From the Streets to Full-Time College Student

Ron, a native of New Jersey, struggled financially growing up. His alcoholic father was in jail and his mother had a hard time making ends meet on her own with three kids. Off and on, they lived with his strict aunt and uncle. Life there was difficult for Ron.

He first began noticing signs of depression when he was 16 and developed an intense fear of school. Despite being a good student, Ron felt terrified and refused to go for months.

Ron explains, “I wasn’t equipped to handle people and couldn’t understand what was wrong with me. I’d be ecstatic one minute and an hour later incredibly depressed.”

When thoughts of suicide overwhelmed him and caused him to become hysterical and cry uncontrollably, his anguished family brought 18-year-old Ron to a crisis stabilization unit. He was hospitalized for a week and treated for depression and adjustment disorder. Therapy and medication helped for a time, but he eventually stopped doing both.

Unmotivated and directionless, Ron bounced from job to job, home to home and town to town for the next several years. At 19 years old, he became homeless for the first time.  It wouldn’t be the last. And each time was more devastating than the one before. The more desperate and stressful the situation, the more suicidal and depressed he became.

During Ron’s periods of success, he enjoyed a large circle of friends and drank too much. At 23, despite having an apartment and a good job working in technical support for a software company in Cape Coral, he was only one paycheck away from the streets. When his brother   stopped paying part of the rent, Ron had no one to share expenses with and no ride to his job 17 miles away. He quit his job. And he began to isolate himself from the world.

Ron says, “I tried to cheer myself up and decorated for Christmas. When I found myself making a noose out of the lights, I knew I needed help quickly.” He checked himself into two different local Crisis Stabilization Units, his combined stay coming to more than two months. Ron was diagnosed with bipolar disorder which he says “just fit.”

While in treatment, Ron took time to understand his illness. He finally had an outlet for all his pent-up thoughts.  Until now, Ron had suffered in silence because he didn’t want his friends to know he was sick. Ron realized that his fear of failure had caused him to never really try to help himself. He saw that he had been afraid to be honest with his mother because he didn’t think she was strong enough to handle how bad his mental state really was. Ron had learned the hard way how destructive his silence was to his stability.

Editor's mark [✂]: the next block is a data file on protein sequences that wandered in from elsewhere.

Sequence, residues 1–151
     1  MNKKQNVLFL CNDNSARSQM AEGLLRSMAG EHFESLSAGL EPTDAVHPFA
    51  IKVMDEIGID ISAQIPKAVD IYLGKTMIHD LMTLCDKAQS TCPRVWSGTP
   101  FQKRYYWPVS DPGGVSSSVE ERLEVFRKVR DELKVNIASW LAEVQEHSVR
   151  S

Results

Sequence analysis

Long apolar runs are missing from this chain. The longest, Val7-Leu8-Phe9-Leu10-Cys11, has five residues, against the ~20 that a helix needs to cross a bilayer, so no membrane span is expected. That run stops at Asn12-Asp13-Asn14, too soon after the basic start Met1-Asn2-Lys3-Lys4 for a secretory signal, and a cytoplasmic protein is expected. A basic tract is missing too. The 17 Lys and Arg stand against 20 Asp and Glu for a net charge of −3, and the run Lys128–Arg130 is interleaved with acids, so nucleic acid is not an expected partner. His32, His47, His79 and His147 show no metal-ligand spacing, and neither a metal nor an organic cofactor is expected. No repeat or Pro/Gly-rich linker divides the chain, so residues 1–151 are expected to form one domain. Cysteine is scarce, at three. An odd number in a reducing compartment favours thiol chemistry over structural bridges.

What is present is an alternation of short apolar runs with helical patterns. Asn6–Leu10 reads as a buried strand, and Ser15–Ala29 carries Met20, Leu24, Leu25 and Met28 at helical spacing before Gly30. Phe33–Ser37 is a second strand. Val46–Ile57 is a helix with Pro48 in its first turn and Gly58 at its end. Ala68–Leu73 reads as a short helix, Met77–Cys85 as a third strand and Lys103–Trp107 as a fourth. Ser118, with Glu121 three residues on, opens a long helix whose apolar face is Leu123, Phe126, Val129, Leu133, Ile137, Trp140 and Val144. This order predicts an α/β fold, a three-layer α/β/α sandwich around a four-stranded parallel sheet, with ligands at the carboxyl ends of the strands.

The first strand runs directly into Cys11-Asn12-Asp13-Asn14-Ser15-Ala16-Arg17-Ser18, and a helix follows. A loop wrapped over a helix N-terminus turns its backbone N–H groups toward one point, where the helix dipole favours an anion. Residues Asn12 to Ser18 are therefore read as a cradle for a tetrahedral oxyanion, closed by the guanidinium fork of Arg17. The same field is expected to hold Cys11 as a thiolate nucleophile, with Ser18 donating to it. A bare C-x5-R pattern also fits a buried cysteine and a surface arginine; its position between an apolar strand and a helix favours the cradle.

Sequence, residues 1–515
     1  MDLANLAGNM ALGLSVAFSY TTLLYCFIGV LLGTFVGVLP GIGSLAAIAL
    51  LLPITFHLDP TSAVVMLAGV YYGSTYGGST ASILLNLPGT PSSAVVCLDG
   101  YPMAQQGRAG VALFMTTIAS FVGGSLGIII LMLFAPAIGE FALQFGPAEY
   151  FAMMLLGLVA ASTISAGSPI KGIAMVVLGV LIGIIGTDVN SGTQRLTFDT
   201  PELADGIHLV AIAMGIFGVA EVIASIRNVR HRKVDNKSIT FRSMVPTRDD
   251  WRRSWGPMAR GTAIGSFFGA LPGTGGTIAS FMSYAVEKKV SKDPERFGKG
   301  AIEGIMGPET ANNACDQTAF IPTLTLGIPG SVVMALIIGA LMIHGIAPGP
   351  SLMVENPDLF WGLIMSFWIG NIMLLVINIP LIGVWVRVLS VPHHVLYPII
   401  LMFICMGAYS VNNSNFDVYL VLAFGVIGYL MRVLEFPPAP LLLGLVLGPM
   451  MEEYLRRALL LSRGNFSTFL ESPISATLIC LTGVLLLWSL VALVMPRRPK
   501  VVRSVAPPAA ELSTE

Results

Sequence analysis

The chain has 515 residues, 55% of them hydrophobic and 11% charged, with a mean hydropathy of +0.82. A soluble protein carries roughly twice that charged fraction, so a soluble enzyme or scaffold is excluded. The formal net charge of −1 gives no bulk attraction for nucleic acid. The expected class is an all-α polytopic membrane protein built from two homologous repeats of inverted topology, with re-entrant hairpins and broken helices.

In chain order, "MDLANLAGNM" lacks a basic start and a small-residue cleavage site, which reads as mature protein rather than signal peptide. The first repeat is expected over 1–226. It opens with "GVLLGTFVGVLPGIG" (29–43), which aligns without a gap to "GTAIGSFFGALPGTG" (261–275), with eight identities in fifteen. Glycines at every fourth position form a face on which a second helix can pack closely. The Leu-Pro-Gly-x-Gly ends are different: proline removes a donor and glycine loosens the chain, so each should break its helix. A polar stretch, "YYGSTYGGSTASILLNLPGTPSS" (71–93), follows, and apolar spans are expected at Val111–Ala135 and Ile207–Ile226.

Ron now understands that self-awareness and a clear head from consistent use of the right medications let him manage his illness and reduce the warning signs.

He says, “It was like night and day.”

After discharge, however, Ron moved to Naples without a housing plan, a job, transportation or a new doctor. He started drinking and began to feel hopeless. He went off his medications for a week and knew instantly he needed help. Ron came to the David Lawrence Centers Crisis Stabilization Unit and his plea was answered.

After being stabilized, Ron was referred to St. Matthew’s House for housing and into DLC’s Project for Assistance in Transition from Homelessness (PATH) Program. The PATH coordinator immediately saw that with the right support, motivation and confidence, Ron could go far. In therapy it was reiterated that, “he just needs to stick with what he knows works and he will be okay.”

Now that Ron was off the streets and feeling more stable, he found a job, began seeing an outpatient psychiatrist and worked with DLC to create a plan for his future. Thanks to strong encouragement from the PATH coordinator, Ron applied to FGCU for a degree in software engineering. Once he was accepted, the PATH coordinator helped Ron secure financial aid and campus housing. Together, they met with the dean of the college and all his professors. Together, they toured the campus. Ron felt ready and excited to start this positive, new chapter in his life.

“I’ve learned to manage my stress,” says Ron.  “I don’t let myself become isolated and I know I have people I can talk to when I have an issue. If I feel myself going manic, I get busy cleaning or putting a computer back together.”

In just eight months, Ron went from cycling in and out of crisis units and living on the streets to full-time college student with permanent housing. Now stable and sober, he is armed with the skills he needs to manage his illness, a support system in place if he needs it, and a plan for a bright future.

Says Ron, “I used to be terrified. Now I’m not even scared. This has been an awesome experience for me. DLC has given me a huge step up in my life. No one else has ever tried so hard to help me.”

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